Barbara Engel, P Lee, L Bottle, P Cardew, S A Lanham-new (2008)Impact of Ethnicity and Season on Body Composition: Results from the Vitamin D, Food Intake, Nutrition and Exposure to Sunlight in Southern England (D-FINES) Study, In: Proceedings of the Nutrition Society67E322 Cambridge University Press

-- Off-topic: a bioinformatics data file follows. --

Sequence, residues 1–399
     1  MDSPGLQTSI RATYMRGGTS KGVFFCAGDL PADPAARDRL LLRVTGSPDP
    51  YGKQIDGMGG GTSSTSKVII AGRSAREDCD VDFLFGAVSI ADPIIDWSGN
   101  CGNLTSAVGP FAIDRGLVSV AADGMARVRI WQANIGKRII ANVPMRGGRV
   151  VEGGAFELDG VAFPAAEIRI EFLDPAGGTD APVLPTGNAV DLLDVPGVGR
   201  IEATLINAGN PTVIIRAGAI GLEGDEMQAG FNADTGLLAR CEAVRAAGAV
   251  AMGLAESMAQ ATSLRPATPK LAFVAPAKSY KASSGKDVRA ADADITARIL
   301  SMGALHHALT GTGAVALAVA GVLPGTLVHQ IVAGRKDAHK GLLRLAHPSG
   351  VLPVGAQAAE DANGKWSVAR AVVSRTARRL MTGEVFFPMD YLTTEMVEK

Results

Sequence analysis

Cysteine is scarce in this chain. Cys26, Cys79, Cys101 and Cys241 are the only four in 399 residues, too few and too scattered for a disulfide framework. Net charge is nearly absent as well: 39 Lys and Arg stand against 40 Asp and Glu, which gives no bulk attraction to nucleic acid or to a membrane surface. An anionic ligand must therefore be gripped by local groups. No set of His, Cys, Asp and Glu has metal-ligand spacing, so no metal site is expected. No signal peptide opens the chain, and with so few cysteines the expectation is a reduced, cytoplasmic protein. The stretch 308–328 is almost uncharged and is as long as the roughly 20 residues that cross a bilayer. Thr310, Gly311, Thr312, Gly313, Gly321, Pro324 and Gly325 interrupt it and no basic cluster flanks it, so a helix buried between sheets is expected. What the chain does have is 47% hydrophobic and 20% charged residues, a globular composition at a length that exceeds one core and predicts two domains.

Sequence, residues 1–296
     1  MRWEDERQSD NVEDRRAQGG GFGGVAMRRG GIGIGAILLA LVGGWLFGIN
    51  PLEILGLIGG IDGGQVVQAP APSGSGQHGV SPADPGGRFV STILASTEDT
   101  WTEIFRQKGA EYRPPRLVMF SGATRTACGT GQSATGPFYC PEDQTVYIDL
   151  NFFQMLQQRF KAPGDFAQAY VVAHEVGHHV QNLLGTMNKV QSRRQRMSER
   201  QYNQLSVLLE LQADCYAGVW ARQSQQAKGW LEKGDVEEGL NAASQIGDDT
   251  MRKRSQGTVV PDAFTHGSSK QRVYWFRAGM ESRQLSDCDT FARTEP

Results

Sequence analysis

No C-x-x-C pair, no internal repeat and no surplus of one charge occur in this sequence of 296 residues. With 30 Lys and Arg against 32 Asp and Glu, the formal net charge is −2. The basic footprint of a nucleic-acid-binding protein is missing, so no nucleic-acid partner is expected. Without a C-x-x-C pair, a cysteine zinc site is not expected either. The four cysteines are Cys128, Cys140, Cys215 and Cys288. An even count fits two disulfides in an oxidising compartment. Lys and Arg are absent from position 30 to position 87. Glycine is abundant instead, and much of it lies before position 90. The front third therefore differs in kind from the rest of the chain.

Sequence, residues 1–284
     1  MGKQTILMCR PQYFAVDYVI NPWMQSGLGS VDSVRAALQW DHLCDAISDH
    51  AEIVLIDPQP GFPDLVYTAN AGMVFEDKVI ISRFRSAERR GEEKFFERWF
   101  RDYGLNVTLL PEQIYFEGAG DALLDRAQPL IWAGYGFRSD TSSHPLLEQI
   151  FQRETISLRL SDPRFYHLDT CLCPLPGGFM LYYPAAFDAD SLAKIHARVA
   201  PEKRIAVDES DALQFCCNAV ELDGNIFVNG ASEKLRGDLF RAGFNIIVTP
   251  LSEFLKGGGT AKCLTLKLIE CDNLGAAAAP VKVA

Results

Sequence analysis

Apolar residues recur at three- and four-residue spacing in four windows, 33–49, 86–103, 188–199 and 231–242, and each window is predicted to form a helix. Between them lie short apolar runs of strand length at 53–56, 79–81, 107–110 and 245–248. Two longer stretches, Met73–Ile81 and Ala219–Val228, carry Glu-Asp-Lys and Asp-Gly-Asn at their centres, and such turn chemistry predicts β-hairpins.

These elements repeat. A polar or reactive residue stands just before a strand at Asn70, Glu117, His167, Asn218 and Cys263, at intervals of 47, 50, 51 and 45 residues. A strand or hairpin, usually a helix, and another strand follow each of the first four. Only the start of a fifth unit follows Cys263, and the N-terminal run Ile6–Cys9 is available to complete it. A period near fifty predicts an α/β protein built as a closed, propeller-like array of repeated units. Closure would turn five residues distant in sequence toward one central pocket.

The principal objectives of the D-FINES study are to compare vitamin D status, food intake, bone health indices and sunlight exposure in Caucasian and Asian women living in Southern England. It is known that in women both muscle and fat mass influence whole-body BMD(1) and the aim of the present subsidiary study was to examine for differences in body composition and compare the relationship between body composition components in Asian and Caucasian women. Measurements of body composition were undertaken in seventy-two Asian and 227 Caucasian women in autumn–winter (A/W) with a follow-up assessment in spring–summer (S/S) by dual X-ray absorptiometry (QDR-4500; Hologic Inc., Bedford, MA, USA). Measures of whole-body bone mineral density (BMD), whole-body bone mineral content (BMC), fat mass and lean mass were undertaken. Regional as well as total measurements were available.